Education Law Alert by By John R. Yeh OF Burke, Williams & Sorensen, LLP | http://bit.ly/1KgIvmn
June 25, 2015 :: Proposition 39 (Education Code section 47614), the law requiring school districts to allocate reasonably equivalent facilities to eligible charter schools, continues to generate numerous legal challenges and court rulings. The most recent published case, Westchester Secondary Charter School v. Los Angeles Unified School District, affirms the important principle that school districts must have discretion to weigh the respective interests of both school district and charter school programs in making facilities allocations under Proposition 39.
The Court of Appeal in the Westchester case interpreted the specific provision in Proposition 39 that "[t]he school district shall make reasonable efforts to provide the charter school with facilities near to where the charter school wishes to locate." (Education Code section 47614(b).) The charter school sued when the school district offered a site that was 6½ miles from the charter school's first choice, and over 7 miles from its second choice of campuses. The Court rejected the charter school's argument, stating that "'near' is a flexible concept," and the District met the location preference by offering a site only 2.53 miles from the perimeter of the charter school's preferred location in the City of Westchester.
The Court also rejected the charter school's attempts to second-guess the District's other facilities allocations, including a decision to place a District pilot program, and not the charter school, at the charter school's second choice campus; the decision not to place both the District pilot program and the charter school at the second choice campus; the decision not to eliminate "set-asides" (classrooms used for purposes other than general education) to free up more classrooms; and not placing the charter school at a closed adult education school site.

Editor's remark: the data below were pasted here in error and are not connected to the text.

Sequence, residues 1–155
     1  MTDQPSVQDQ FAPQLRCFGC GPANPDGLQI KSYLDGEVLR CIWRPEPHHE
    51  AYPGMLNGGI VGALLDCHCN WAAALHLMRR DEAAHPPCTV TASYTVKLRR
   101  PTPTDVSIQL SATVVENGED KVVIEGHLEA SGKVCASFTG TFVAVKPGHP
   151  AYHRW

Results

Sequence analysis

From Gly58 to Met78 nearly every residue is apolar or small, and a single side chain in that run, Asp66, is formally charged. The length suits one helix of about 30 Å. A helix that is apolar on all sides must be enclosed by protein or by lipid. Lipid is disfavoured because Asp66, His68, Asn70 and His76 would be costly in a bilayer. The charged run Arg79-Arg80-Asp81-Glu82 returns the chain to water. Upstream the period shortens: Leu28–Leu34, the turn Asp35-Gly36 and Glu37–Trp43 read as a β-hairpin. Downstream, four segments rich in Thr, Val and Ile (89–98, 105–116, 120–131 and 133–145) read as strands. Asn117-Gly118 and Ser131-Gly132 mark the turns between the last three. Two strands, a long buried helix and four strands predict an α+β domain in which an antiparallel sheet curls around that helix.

In reaching its ruling, the Court recognized that school districts must have the discretion to balance the impact on school district programs in meeting their obligations to provide reasonably equivalent facilities to charter school students under Proposition 39. "In sum, the law requires the District to treat charter and noncharter students fairly, but not favor one group over the other," the court stated. The Court's decision in Westchester is an important reminder that traditional public schools and their students also have rights and interests that must be considered during the Proposition 39 facilities allocation process.
John R. Yeh is a partner in Burke, Williams & Sorensen, LLP and a member of the Education Law Practice Group. He has been practicing law in California since 1991, and specializes in representing and advising school districts in charter school, labor and employment, and litigation matters